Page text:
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Looking for Mr. Wright

The Virginia Air & Space Center in Hampton, an area rich in aviation history, seeks a little love from flight buffs.

By Hannah Schardt
Special to The Washington Post
Wednesday, December 17, 2003; Page C02

Orville Wright is not, perhaps, the most glamorous celebrity to resemble, but Neil Bates isn't complaining.

"People tell me I look like him," he says with shy pride. "It's the mustache, I guess."

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That, and the fact that Bates sometimes shows up at the Virginia Air & Space Center in Hampton, where he works as a staff educator and tour guide, in turn-of-the-last-century cap and knickers.

"I guess I kind of identify with them because they were amateurs," he says of Orville and Wilbur Wright. "They did it all with their own money, with no help from the government."

The Wright brothers are the populist superstars of aeronautical history. They are also the stars of a new exhibit at the Air & Space Center, which last month opened a $6.4 million expansion -- just in time for today's centennial of the brothers' historic flight.

That flight, of course, took place on the dunes near Kitty Hawk, N.C. So Virginia is neither "First in Flight" nor the "Birthplace of Aviation." Those license-plate boasts belong to North Carolina and Ohio (the latter being where the Wrights were born and did most of their engineering). But Hampton, which sits on the Chesapeake Bay at the mouth of the Hampton River, can lay claim to several other serious aeronautical firsts. Naval aviation was born when the first plane launched from a ship at Hampton Roads in 1910. Both the Air Force and NASA have roots in Langley Field, now Langley Air Force Base just north of Hampton. The first astronauts trained there at the beginning of the space program.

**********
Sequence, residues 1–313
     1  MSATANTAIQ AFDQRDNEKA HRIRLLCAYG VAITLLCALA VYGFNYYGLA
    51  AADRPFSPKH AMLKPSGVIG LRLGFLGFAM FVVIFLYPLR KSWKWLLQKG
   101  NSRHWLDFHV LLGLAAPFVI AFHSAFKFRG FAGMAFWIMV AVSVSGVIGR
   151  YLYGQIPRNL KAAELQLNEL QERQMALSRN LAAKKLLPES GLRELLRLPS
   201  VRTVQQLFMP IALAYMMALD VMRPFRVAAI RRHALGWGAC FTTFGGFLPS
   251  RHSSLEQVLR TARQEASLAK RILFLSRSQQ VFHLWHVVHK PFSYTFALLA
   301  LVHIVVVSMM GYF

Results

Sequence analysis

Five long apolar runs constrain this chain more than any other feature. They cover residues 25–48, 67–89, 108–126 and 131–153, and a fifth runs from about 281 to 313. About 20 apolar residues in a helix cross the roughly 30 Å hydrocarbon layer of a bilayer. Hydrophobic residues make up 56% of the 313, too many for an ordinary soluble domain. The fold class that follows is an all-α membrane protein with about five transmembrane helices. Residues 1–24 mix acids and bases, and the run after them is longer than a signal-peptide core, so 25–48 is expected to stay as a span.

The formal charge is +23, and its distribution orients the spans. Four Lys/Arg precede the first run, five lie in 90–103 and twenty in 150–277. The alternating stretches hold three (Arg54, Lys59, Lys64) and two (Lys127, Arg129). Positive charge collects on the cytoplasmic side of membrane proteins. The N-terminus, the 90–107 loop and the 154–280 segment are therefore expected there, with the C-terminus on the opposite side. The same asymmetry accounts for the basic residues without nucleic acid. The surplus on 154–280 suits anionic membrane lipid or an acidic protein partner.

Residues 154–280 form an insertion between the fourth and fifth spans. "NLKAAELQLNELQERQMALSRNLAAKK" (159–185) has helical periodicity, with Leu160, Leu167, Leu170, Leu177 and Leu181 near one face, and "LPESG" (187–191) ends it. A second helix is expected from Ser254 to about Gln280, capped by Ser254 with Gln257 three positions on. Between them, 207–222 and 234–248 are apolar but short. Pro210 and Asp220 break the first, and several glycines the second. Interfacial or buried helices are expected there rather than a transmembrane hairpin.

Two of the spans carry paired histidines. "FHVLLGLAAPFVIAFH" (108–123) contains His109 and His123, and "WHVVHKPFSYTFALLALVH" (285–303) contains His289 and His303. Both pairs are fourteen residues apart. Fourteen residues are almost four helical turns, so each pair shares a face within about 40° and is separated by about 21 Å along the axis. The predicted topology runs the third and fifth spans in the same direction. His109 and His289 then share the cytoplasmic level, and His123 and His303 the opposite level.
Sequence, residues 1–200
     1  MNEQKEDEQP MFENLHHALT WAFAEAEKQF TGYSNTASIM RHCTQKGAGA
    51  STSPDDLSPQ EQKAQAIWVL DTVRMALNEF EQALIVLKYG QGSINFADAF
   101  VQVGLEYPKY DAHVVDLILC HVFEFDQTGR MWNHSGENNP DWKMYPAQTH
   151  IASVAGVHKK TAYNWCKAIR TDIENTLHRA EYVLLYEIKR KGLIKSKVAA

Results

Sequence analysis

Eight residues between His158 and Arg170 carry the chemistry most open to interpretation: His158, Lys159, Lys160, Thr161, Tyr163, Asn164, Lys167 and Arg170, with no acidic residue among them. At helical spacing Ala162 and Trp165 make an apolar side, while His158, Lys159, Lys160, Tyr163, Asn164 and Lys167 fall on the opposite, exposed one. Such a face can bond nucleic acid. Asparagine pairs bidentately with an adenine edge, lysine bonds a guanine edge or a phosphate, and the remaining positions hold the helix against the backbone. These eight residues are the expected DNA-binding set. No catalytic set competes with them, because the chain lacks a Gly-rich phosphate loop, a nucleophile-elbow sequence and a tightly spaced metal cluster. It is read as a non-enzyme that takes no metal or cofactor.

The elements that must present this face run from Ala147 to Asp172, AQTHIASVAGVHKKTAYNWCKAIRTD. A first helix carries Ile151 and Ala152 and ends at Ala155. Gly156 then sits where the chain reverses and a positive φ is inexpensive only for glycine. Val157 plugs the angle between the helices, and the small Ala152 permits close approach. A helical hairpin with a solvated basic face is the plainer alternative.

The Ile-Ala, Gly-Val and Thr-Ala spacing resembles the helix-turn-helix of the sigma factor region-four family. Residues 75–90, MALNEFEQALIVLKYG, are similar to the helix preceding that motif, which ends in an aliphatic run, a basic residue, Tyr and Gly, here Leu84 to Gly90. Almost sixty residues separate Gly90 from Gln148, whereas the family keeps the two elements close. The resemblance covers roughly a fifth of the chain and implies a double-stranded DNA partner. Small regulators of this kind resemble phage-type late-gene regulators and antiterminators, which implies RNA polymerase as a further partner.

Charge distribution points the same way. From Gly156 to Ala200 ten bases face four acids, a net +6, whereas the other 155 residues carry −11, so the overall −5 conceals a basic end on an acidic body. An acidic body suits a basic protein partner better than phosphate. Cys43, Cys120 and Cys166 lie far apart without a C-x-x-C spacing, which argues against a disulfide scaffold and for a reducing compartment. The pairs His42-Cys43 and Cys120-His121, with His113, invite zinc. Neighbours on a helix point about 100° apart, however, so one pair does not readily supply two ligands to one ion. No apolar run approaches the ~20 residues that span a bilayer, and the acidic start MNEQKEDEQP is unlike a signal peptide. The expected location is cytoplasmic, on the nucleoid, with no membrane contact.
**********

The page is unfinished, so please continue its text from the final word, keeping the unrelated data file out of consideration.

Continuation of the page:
And in 1992, the center itself made it into the Guinness Book of World Records -- by launching the largest-ever paper airplane. Take that, Kitty Hawk.

Yet for all this, Bates, as do some other locals, says the region is neglected in the annals of aviation history.

"Our area tends to get ignored," he says. "It seems you don't hear as much as you should about us."

The city hoped to change that with the opening, in 1992, of the Air & Space Center. And it seems to have worked: The museum draws about 400,000 people a year to see a collection that spans 100 years of flight, from a replica of the Wright Flyer to the Apollo 12 command module to a mock-up of the Raptor, which next year will replace the F-15 as the fighter jet of choice at Langley.


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